Woman arrested after filing to run for judge

March 10, 2012 5:46:39 PM PST
Jessica Siegel went to the Montgomery County Republican Headquarters Friday to file her application to run for state District Court judge, but she ended up in the custody of the Texas Rangers.

We met Siegel at her Montgomery County apartment just hours after she bonded out of jail.

"They handcuffed me and took me to the Montgomery County Jail," Siegel said. "I'm quite upset about it. I'm very angry about it, and I was shocked."

A graduate of University of Houston law school and mother of four, Siegel has practiced law for more than 12 years. But on Friday, Texas Rangers took her into custody as she tried to file her application to run against incumbent Tracy Gilbert for 418th state District Court judge.

Siegel's friend, Jennie Morton, was with her when the arrest happened. So was Siegel's seven-year-old son, Noah.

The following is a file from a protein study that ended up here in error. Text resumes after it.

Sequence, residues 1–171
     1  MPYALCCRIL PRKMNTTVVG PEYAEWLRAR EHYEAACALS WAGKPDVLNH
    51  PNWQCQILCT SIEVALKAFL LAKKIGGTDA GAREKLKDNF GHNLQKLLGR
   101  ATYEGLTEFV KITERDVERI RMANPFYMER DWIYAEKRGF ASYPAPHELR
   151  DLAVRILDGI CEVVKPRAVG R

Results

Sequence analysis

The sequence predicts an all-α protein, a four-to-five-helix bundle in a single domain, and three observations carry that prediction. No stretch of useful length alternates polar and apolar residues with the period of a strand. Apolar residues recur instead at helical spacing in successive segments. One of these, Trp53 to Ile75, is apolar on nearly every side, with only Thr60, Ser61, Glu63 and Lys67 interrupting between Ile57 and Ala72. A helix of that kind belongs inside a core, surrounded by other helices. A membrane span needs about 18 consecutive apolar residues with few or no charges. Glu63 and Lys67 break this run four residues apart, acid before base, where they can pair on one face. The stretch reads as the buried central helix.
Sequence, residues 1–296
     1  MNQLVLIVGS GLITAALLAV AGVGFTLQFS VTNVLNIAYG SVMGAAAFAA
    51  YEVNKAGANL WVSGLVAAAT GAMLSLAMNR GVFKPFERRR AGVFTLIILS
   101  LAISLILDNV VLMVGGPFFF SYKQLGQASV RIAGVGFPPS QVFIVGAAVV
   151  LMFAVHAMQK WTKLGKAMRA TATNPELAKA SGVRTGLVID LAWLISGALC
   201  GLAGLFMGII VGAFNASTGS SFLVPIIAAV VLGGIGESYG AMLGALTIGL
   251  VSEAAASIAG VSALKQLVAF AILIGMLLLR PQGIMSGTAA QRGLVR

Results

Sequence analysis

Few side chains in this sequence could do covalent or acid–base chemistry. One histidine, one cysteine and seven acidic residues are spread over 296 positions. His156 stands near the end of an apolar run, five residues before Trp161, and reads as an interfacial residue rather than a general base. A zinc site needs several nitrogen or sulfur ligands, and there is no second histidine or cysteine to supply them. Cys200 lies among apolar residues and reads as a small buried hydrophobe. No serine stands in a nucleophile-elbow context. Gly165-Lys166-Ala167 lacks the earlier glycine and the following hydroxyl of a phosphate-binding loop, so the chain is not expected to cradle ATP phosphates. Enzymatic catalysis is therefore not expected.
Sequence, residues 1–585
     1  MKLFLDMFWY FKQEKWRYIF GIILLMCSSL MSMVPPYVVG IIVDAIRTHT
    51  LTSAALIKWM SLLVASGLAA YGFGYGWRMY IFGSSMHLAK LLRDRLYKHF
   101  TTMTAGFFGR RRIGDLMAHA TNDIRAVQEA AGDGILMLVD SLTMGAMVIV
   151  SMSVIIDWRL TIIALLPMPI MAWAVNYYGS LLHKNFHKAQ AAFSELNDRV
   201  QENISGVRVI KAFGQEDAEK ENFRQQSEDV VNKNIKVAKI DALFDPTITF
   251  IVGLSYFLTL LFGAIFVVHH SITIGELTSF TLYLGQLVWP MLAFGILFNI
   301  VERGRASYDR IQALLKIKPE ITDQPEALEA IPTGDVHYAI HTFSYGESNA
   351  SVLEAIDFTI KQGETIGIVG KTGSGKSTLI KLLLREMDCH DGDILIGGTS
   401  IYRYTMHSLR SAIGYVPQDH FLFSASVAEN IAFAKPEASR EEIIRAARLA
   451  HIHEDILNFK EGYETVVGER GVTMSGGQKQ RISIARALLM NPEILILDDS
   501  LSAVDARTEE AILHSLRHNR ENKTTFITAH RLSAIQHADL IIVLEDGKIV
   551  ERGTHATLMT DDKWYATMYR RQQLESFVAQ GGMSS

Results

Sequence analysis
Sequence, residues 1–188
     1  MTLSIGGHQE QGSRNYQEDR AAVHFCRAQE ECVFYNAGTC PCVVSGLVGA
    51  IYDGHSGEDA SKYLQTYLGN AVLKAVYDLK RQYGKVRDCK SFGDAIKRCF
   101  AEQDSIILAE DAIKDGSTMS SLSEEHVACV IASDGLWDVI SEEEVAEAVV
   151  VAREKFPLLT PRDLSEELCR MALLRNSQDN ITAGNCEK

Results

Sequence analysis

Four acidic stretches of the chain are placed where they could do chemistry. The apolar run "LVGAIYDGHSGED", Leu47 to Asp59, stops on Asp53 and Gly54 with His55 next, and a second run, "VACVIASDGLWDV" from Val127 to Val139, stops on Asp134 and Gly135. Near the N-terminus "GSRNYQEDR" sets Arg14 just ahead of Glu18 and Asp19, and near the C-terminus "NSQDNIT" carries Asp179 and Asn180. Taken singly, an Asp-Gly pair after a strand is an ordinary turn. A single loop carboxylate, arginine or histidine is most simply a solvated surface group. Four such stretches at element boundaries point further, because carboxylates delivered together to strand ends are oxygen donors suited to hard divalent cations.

"I felt so sorry for her. Noah is sitting there playing, and I'm going, 'how awful.' To be in here five minutes. We're taking pictures, having a great time and poor Noah has to witness his mother being arrested," Morton said.

A source close to the investigation told us Siegel lied about her address on paperwork -- twice -- in order to run for the position. Her applications were rejected and now she's off the ballot, leaving Gilbert's position uncontested.

"I think they don't want me to run. Why? I really don't know" Siegel said.

According to the Montgomery County District Attorney's Office Public Integrity Division, they "have to protect the political process and we're not going to allow any individual to run for office in Montgomery County without meeting the constitutional requirements."

"I agree with that, and I do meet the constitutional requirements," Siegel said.

Siegel says she plans to fight the charges against her in court and push forward with her campaign.

"I am gonna try to get back on the ballot if that is a possibility, I am going to try to do that," Siegel said.

In order to run for state district judge in Texas, you have to live in the county where you're running for at least two years prior to the general election date, which is this November.

For more information on this story, check out The Courier of Montgomery County, one of our Houston Community Newspapers partners.


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